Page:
Closing Up The Cabin

Closing up the cabin means dreaming of summer for nine agonizing months.

Perfection, my sweet oblivion to mortal miseries,

Consistently washed from my mind,

Crickets scrubbed my soul clean,

Tree frog and owl compositions layered upon inland lake melodies.

 

If risen moon, wax or wane, full or slice,

Lake surface reassured Luna

‘Yes, you are fairest of them all’.

I never heard fish leap through light on lake

But satisfied snaps against the surface confirmed,

One less moth bumping against the yellow porch light tomorrow.

 

An early fishing boat slowly making it’s way along the shoreline

Will no longer wake me with gentle alarm just before sunup.

Screen door, rusty spring hinge,

Squeals each time it’s opened

Smacks loudly in memory long after WD 40 can is empty.

 

Time will once again run on demand,

Not by who’s swimming where,

Softball tonight at the recreation center,

Volleyball on Tuesday and Thursday afternoon,

Bingo for Baptists on Friday nights at the Catholic Church downtown.

 

Friends halt along the shoreline and sit on piers,

Feet flipping water on relatives for the last time this year

Old Adirondack chairs filling quickly,

Hammocks sway, jealously guarded

Tree swings, one more push please?

Afar, latecomers clicking like rosary beads

Heading towards the altar of the lake front fire pit.

 

Offer thanks to the Milky Way and heavens above

While kids eat S’mores, weenies on a stick,

Parent’s off a bit, literally, with canned beer iced in a galvanized tub,

Latest tall, long fishing tales,

Best expectations for the Packers-Badgers football season

Argued between flatlanders and cheeseheads with setting sun flaming through tall trees.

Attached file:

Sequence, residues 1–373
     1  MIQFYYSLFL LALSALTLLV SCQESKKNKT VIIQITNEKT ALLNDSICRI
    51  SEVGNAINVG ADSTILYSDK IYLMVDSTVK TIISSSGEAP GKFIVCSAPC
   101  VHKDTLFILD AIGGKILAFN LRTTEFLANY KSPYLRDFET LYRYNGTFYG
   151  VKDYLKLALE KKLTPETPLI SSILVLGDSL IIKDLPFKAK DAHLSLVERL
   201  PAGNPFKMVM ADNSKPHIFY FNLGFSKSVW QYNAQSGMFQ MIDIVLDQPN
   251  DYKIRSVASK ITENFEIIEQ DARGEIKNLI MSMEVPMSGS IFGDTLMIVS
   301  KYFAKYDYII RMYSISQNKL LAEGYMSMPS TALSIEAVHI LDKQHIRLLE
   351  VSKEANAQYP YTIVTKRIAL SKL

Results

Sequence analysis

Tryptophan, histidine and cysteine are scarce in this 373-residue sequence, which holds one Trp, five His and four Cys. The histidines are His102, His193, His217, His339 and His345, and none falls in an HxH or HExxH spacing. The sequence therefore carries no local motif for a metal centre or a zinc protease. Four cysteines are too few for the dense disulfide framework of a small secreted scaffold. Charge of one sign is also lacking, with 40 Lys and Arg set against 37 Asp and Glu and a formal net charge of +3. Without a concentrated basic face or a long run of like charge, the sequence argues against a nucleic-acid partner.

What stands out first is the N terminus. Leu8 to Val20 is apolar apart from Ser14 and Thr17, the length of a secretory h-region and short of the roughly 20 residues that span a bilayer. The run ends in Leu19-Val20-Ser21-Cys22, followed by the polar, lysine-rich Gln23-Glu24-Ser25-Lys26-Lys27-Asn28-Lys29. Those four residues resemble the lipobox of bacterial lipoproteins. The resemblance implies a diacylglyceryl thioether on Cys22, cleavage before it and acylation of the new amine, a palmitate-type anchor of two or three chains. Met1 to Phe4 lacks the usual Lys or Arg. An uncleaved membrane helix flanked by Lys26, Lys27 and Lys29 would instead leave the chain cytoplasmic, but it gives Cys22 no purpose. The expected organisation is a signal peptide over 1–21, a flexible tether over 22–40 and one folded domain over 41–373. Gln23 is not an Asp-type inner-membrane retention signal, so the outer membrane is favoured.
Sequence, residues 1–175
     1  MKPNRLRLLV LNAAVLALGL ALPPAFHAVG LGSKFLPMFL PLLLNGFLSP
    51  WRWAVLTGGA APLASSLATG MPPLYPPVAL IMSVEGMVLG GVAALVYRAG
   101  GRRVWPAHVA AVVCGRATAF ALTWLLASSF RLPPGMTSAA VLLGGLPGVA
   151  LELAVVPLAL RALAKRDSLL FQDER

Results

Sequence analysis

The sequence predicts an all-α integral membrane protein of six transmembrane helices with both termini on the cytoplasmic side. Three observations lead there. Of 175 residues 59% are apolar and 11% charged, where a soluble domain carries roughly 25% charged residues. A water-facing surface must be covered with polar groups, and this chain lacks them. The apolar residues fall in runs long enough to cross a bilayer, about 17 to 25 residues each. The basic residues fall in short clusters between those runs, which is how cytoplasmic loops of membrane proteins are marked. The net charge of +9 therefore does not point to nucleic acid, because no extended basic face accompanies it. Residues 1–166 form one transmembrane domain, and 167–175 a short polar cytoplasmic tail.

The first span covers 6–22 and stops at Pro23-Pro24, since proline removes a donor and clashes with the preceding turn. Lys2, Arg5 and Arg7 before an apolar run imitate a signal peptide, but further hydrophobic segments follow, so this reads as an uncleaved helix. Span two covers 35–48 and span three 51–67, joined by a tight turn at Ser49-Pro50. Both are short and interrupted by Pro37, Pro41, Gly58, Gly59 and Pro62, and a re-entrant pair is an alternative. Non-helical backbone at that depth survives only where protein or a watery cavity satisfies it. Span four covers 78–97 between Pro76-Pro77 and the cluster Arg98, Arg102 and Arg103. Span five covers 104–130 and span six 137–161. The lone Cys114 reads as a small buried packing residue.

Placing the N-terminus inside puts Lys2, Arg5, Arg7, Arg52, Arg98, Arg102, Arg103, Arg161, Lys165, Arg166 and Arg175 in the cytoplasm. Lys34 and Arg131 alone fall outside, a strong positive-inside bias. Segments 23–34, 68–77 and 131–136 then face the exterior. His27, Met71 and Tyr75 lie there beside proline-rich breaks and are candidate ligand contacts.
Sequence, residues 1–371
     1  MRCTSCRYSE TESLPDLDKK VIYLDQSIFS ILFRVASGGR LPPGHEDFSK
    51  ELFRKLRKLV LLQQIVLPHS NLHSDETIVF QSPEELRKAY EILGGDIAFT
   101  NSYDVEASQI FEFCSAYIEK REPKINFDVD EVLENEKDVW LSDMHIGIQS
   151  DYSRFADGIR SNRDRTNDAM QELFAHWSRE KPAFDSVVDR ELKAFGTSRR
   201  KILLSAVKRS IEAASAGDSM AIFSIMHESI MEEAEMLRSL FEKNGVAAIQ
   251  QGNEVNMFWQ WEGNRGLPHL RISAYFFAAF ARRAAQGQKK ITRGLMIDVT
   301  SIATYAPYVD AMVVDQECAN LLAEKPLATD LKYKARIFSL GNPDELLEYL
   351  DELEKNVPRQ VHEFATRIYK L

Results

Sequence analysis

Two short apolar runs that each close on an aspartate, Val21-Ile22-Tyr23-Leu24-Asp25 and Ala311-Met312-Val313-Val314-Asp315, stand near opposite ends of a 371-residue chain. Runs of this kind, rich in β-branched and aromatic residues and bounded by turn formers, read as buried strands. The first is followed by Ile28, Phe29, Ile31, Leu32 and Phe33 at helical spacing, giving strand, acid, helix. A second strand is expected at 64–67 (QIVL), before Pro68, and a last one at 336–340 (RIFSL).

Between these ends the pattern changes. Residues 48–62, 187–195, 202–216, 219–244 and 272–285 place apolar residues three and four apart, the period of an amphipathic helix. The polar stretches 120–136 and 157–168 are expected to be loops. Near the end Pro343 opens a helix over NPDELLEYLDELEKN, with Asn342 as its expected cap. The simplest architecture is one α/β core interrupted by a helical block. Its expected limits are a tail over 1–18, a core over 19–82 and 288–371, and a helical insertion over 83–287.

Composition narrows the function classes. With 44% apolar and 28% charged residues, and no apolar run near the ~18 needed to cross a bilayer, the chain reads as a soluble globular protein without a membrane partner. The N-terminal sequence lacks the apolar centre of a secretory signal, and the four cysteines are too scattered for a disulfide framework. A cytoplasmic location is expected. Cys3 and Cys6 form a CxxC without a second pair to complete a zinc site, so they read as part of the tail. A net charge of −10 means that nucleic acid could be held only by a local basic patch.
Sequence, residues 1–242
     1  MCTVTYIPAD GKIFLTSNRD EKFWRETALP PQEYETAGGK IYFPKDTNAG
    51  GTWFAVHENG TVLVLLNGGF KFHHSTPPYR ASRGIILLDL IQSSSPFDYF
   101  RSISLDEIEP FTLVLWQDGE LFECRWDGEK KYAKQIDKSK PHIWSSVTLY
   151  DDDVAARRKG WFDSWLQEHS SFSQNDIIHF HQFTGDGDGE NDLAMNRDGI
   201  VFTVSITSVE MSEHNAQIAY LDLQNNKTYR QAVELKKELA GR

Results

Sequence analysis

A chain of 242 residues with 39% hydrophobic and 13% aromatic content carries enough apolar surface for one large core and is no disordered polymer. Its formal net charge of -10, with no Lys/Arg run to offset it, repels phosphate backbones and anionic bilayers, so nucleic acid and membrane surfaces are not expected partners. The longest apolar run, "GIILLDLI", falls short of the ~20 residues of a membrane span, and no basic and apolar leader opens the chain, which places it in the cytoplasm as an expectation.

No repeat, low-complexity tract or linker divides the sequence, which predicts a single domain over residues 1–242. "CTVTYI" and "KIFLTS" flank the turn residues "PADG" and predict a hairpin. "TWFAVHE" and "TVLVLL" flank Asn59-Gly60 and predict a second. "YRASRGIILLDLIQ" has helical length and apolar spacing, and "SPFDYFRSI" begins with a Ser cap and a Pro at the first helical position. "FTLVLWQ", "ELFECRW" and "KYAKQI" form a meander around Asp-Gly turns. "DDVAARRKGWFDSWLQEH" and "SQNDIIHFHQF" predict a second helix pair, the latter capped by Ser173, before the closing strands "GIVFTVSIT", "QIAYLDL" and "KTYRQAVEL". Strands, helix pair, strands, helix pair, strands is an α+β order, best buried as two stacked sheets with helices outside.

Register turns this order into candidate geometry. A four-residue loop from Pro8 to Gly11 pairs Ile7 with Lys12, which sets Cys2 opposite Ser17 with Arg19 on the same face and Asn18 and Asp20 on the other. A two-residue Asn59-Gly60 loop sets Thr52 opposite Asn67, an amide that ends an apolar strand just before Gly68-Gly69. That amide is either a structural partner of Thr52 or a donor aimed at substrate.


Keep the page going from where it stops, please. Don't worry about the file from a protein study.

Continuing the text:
Most of the boats are on trailers, or scheduled for pick up and storage.

Owning a cabin means turning off the water,

Draining the pipes,

Deep sigh as you drive up the road,

Squeeze an artery clogged

wheeze a bit as you blend into homebound traffic

and live a bit of forever in the past.

Ninety Miles an Hour

Instead of stopping when we could we went right on …

Flash back – I’m seventeen, trying to cut my hair like Mick Jagger’s.  Dylan wails on my record player. I’m wearing white jeans tucked into black ten inch high mod boots and my mother hates me. Plum incense burns in my bedroom, and I’m drunk on Earl Grey Tea bought from the Crate and Barrel in on Wells Street in Chicago. It’s hard to cut hair with a dull paper shears while bobbing my head and not poke an eye out. I’m one of the last two virgins in Old Town, my friend Teri, being the other. I don’t know about her, but all the weed I’ve inhaled was second-hand. Half the time I thought dudes failed to use deodorant. I was dense, but it was the first place that accepted me and I kept going back.

I loved it. We’d sit on the floor in John Brown’s Leatherworks in Pipers Alley and listen to stories as he’d play guitar. My shoulder was next to Brian McGuinn, Roger’s brother. Man, I wanted a leather Byrd’s cape from John. Eventually I did buy one, but mine came from Marshall Fields, not Johns.

I didn’t make it to the Democratic riots at the Hilton Hotel although a friend borrowed my tambourine. I caught the news footage of him as he brought my beloved flower painted instrument over the head of a cop in the viewfinder of the CBS National News. Me and Teri, wound up on a documentary about  leftist groups, Remember, Nixon was paranoid.  They staged the entire thing. Producers went into the coffeehouse basement and brought up protest signs that predated us by several months, if not years, and asked up to pretend to paint them. They chose us because our hair read clean on the light meter. The crew admonished us not to look into the camera. Teri looked up, her boss caught it when it aired, and she got fired.

I never went to Woodstock, I went out and bought a horse instead and that left me flat broke. I still prefered the scent of fresh cut hay and horse sweat over live music and flower children

But I’d learned early about wiretapped telephones, FBI files, innocence, protest, and the friends you keep. The nicest people could be running at ninety miles an hour thinking no one can see them. Fifty years ago the government kept watch on who and what they wanted on their radar. Nothing’s changed much except the technology.

http://www.jango.com/music/Bob+Dylan?l=0

http://dailypost.wordpress.com/2013/08/29/daily-prompt-speed/